Monday, November 30, 2009

Cassoulet Results

Some fairly educational cassoulet making for me this Thanksgiving... and probably the longest cooking experience of my life... topping out last year's turkey and Gigot de Sept Heures at somewhere in the 10-11 hour range. While the Saveur recipe I used only calls for 7 hours of oven time, and 2 hours of prep, I also made my own duck confit, which added in some time (though I did the prep while the duck was in the oven) and, of course, things often take longer than you think they will... specifically, in this case, bringing the cassoulet up to a simmer in the oven took more like 1.5 hours both times, and I had some trouble finding the exact right oven temperature to keep it on a very low simmer. But other than being up until 3:30 am on Wednesday night/Thanksgiving morning, it was pretty painless and straightforward... and the beans were absolute nirvana.

As I suspected, there was nearly no meat on my ham hocks. I knew this was likely, since I've cooked with ham hocks from Savenor's before, but probably suffered a bit from some recipe fundamentalism (but the recipe says...) and was unable to adapt when the butcher showed me the hocks were like half a pound, instead of the whole pound suggested by Saveur. I don't know if that's just the peculiarities of my butcher, a difference between France and the US, or something that's changed over the last 10 or so years since the recipe was first published... but regardless, I see the wisdom of buying a couple of ham hocks for flavoring the beans (getting out any meat you can), but generally counting on something like pork shoulder for the bulk of the pork in the stew. As it was, I spent two hours boiling some ham hocks that produced maybe two and a half tablespoons of meat... pretty much a waste, and I would have been much better served coking them in the beans for flavor. I also was not super impressed with the pork rind (i.e. pork skin)... I had never cooked with it before, so that was interesting, and the little bits looked tasty while rendering, but after simmering in the cassoulet for seven hours they were just soft and chewy with little flavor of their own. It's obviously impossible to know how much flavor it imparted, but I think I lean towards cubed pancetta as my favored source of pork fat.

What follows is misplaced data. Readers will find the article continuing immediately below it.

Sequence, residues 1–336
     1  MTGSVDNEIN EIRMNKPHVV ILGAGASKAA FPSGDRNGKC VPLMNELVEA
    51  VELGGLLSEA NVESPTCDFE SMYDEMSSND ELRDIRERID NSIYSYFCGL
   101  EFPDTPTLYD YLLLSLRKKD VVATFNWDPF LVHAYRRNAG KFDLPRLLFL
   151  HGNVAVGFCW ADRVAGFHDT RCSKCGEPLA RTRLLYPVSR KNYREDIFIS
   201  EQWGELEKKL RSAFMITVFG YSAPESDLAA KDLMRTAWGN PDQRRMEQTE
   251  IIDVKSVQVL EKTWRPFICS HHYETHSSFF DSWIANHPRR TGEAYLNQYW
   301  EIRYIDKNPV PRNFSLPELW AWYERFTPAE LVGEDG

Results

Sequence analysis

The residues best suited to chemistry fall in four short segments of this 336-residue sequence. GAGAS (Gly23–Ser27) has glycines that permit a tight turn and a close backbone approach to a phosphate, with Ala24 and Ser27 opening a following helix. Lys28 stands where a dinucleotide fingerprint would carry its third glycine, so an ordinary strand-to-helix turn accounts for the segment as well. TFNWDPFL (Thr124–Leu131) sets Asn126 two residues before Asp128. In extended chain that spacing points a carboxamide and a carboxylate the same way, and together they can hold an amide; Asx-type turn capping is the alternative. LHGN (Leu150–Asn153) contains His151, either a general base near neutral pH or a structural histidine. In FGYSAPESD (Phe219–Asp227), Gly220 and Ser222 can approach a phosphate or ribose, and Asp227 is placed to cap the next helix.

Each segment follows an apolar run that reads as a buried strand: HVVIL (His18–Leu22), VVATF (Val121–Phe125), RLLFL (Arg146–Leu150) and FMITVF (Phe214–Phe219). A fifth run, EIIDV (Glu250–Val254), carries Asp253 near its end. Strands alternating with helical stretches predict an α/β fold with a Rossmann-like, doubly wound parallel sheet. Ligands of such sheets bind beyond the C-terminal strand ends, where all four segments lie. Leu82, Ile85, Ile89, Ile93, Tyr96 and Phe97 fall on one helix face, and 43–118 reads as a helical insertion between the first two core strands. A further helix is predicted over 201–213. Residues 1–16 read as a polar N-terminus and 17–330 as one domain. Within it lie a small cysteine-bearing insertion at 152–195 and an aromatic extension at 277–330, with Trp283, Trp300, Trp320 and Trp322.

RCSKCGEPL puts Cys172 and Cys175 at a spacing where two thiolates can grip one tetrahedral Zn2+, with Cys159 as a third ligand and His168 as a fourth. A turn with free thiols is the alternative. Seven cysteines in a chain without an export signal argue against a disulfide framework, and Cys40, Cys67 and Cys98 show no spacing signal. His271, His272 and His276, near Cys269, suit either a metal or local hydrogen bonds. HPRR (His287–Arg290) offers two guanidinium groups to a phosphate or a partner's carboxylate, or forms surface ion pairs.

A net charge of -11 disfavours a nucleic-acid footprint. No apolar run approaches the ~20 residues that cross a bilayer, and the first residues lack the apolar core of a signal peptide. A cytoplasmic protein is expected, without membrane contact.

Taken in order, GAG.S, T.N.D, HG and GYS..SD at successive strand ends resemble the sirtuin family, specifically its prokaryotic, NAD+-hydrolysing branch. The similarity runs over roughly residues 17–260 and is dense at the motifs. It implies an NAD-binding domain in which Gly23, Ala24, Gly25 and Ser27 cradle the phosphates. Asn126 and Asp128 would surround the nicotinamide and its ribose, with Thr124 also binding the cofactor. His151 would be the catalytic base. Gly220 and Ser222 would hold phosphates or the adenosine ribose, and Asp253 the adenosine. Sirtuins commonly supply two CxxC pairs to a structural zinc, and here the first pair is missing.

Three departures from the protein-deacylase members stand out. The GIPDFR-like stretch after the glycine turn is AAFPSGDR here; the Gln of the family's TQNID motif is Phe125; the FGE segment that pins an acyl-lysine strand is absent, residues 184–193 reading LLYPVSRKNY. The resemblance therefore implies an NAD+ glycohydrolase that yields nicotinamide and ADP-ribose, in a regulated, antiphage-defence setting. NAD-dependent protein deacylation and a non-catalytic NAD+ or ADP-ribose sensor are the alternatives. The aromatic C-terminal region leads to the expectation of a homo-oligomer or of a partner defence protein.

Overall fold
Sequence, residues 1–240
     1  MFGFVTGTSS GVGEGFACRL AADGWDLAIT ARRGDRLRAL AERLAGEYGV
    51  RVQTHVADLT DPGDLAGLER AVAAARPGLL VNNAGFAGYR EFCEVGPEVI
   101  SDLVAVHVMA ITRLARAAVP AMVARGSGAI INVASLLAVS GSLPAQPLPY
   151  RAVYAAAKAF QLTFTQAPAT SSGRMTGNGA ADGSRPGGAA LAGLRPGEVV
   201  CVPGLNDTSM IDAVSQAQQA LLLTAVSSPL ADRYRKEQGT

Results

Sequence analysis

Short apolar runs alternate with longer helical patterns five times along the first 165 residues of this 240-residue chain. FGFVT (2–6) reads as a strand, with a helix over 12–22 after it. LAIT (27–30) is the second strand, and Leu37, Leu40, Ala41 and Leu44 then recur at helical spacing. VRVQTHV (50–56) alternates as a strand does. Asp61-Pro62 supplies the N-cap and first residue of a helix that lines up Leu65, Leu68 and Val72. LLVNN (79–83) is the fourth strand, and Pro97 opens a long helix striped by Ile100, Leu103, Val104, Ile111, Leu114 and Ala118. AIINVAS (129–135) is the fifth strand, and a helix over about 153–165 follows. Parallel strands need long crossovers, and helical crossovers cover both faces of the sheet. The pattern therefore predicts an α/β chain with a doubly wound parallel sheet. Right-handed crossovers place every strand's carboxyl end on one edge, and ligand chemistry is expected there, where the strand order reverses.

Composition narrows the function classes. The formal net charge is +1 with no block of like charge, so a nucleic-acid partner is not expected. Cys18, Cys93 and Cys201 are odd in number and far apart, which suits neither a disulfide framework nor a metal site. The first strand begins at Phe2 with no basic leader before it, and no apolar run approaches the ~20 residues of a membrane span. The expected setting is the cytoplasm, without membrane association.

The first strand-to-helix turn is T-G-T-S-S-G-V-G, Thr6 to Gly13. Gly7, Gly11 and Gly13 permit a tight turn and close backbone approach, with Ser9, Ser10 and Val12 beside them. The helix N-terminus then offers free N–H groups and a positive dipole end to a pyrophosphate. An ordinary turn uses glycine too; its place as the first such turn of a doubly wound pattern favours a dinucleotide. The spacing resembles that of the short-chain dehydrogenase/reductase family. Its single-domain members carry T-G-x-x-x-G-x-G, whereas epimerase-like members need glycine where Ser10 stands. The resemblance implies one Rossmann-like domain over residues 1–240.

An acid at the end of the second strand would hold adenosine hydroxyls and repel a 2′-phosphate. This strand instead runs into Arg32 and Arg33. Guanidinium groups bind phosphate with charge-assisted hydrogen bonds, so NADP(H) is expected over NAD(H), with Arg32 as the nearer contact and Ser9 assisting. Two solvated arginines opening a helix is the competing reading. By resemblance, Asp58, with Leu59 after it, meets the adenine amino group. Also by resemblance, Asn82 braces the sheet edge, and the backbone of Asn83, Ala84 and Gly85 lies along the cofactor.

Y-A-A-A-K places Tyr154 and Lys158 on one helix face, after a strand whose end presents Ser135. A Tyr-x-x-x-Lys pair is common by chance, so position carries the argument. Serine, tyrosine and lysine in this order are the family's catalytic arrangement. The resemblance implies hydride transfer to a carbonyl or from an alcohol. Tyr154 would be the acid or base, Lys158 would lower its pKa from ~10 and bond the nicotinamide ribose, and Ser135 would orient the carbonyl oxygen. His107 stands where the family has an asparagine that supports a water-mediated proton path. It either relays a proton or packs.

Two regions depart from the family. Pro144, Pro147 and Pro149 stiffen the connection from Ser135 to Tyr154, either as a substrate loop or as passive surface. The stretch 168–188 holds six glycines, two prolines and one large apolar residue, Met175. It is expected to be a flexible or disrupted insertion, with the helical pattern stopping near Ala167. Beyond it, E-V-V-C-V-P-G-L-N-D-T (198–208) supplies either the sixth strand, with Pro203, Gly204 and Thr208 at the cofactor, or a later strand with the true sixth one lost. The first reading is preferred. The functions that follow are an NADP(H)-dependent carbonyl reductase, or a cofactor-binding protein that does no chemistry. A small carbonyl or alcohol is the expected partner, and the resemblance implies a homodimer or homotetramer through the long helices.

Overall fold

I really liked browning the sausages and cooking them in the garlic paste... that paste seemed to give some nice garlic kick to the cassoulet without being overpowering. I also liked the traditional "layering" of the ingredients in this recipe. The duck confit was also my best effort in that area to date... though credit for that goes to Cook's Illustrated, since the fall issue was where I poached the recipe. The crust formation and breaking (pictured above) was pretty interesting (though a little mysterious - what is that crust exactly?) but I really like the bread crumb raft in other recipes, and am loath to give it up.

I'm not entirely sure how I'll apply these lessons to the next batch of cassoulet I make (other than being pro- pancetta and bread crumbs), but it was definitely informative to make this more... elemental... version, to see exactly how everything works together in their most basic combination. Not sure I'd recommend the recipe for somebody who just wants to try this "cassoulet thing" out, while still hewing to traditional approaches... you'd probably be better served in that regard with the other Saveur recipe I blogged last year... or perhaps the Cook's Illustrated one I linked above (haven't tried it, but it looks solid).